James: Personally, I prefer coffee from washed beans in the morning and then a fruity, dry-processed coffee in the afternoon. This is because I find a washed coffee has more of a 'utilitarian' role in my life - getting me going for the day - and follow that with a more 'experiential' coffee in the afternoon, generally as a filter coffee and consumed while doing some work or reading.

Andy: Do you have a preference for any coffee-growing regions or countries? 

James: Again, this depends on the time of day! I'm a Central/South American guy in the mornings and an East African guy in the afternoons!

On roasting & roast profiles...

 Andy: What is your quality control process for the green beans you receive?

James: We receive our green beans 'little and often' for micro-roasting to ensure the freshness of the coffee we produce. The beans are stored in ideal conditions in purpose-built warehouses before they come to us. We have the coffee in our roastery for as short a time as possible before it is roasted and sealed for customer delivery.

Every Friday morning, we have a tasting or 'cupping' session to assess how our coffees are tracking and responding in the roaster. Any of our team is welcome to join in and provide feedback. It's an excellent opportunity to brainstorm new ideas around our coffees.

Andy: Explain your roasting process and its history

James: We started roasting in 2013 in a large garage behind a curry house in Jericho, Oxford. It's the sort of world where you're learning all the time. Over the years, we've had several roasters come and work for the business. They've all brought their own ideas to the table - some good, some not so good! So it's been a process of working their best ideas into our business to ensure our coffee is the best it can be.

During the Coronavirus pandemic and the growth of our subscription customers, we struggled to keep up with demand! We had a 6kg batch-size roaster which was just too small for the job. So, we upsized it to a Giesen 15kg batch-size roaster. The Giesen has given us enough capacity for our current demand and our forecasted growth for the next 18-24 months! It's in a classic Porsche Miami 'baby' blue colour, so it's lovely to look at too!

In addition to the Giesen, we also have a small sample roaster, developed in New Zealand, which roasts 120 grams at a time and has great control over the roast dynamics. This is a decent sample size, but not so big that we 'burn' through sacks of green beans while we develop the perfect roast profiles.

Andy: OK. You lost me at roast profiles! What is a roast profile, and how does that affect the beans and the flavour in the cup?

James: Each coffee will respond differently in the roaster. We have certain expectations of how a coffee will respond, but some can surprise us! I could spend hours on this topic...but, in summary, the less you roast a bean, the more acidic the flavour will be in the cup. The longer the bean is roasted, the more bitter the flavour will be.

There's a sweet spot in roasting where the acids are converted to sugars.That's where we like to present our coffees.

Andy: Does the roasting process change depending on the green beans being roasted? If so, how?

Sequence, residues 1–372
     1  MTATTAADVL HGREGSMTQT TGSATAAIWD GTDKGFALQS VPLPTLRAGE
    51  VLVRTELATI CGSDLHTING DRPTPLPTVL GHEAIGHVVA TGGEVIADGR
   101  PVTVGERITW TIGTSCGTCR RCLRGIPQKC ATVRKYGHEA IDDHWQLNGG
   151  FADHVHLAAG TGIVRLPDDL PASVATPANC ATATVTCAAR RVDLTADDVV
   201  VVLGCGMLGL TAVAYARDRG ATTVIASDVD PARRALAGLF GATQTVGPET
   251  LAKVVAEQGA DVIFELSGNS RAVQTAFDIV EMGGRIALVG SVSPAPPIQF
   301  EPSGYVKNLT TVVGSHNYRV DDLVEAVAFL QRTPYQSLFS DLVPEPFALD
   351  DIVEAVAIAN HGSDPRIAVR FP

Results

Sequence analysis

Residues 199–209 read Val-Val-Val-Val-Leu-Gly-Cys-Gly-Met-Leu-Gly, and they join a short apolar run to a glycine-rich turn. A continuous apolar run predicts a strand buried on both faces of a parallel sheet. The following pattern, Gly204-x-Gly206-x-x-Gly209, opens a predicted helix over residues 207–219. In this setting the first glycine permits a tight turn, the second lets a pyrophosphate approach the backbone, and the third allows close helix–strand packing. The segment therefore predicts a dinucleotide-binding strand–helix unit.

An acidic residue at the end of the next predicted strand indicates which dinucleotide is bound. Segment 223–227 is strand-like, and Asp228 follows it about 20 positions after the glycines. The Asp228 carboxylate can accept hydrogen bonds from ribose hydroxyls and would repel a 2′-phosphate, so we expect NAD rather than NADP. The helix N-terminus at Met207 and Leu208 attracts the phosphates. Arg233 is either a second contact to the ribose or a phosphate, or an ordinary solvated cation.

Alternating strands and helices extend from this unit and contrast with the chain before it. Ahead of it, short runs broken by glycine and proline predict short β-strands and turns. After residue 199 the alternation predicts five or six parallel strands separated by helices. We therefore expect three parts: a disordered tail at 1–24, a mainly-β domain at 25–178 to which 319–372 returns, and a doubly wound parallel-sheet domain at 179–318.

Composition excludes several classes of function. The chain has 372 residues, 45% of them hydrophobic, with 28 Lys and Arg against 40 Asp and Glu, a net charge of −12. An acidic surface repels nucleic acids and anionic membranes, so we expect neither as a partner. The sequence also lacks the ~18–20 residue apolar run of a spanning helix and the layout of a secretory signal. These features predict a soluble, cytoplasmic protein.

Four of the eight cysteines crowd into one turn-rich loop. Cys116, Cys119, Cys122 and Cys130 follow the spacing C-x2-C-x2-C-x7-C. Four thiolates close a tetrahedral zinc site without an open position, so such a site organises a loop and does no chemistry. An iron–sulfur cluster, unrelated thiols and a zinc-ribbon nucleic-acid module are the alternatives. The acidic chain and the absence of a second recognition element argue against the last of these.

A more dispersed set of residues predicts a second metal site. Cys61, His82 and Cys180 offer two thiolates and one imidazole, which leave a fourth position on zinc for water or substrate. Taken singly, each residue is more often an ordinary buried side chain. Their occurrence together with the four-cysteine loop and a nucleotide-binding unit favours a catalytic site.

James: Yes! Varietal changes, altitude changes, differing terroir, length of time since harvest and, most importantly, the processing method, all affect how we'll approach a green bean in the roaster.

A really high-altitude coffee will be wound up extremely tightly: the lack of oxygen at altitude means the beans struggle for growth, resulting in a really tight cellular structure in the bean. The low oxygen level also results in a higher level of lactic acid. That gives us more opportunity to present a really flavoursome coffee.

We've just got to get the roast right to really help it shine in the cup!

Andy: What are the benefits to your customers of micro-roasting rather than massive-batch roasting like the big coffee companies?

James: This is our area of the market! We're buying quality, expensive green beans and helping them reach their potential as an exceptional cup of coffee.

We roast in small batches to react and change as the crop changes. The other extreme would be to buy cheap greens and roast them darkly in massive batches to produce a generic product. That would be a better approach financially, but that's not what gets us out of bed every day!

Andy: Why do specific beans lend themselves to a particular grind and brewing method? What are your ideal pairings?

James: There are definitely different origins that lend themselves to a particular brewing method and roasting style.

I find coffees from Brazil or Central America (El Dorado, Maya, The Saviour) lend themselves to an espresso machine. They tend to be easier to use and more sympathetic to espresso brew errors. On the other hand, I think the fruity East African (Kahawa, The Source, Mwami) are better suited to a filter brew.

Having said all that...the great thing about coffee drinking is that everyone has their own preferences - it's all totally subjective!

Andy: Any final words for your customers?

James: We have a family and community focus and want to continue to develop that. We consider all our staff, partners and customers to be part of a larger coffee family, and we'd really like them to share our ethics and beliefs.

We didn't set up Jericho Coffee Traders solely as a business for financial gain: we're here to enjoy what we're doing and to make sure everyone involved feels valued and respected!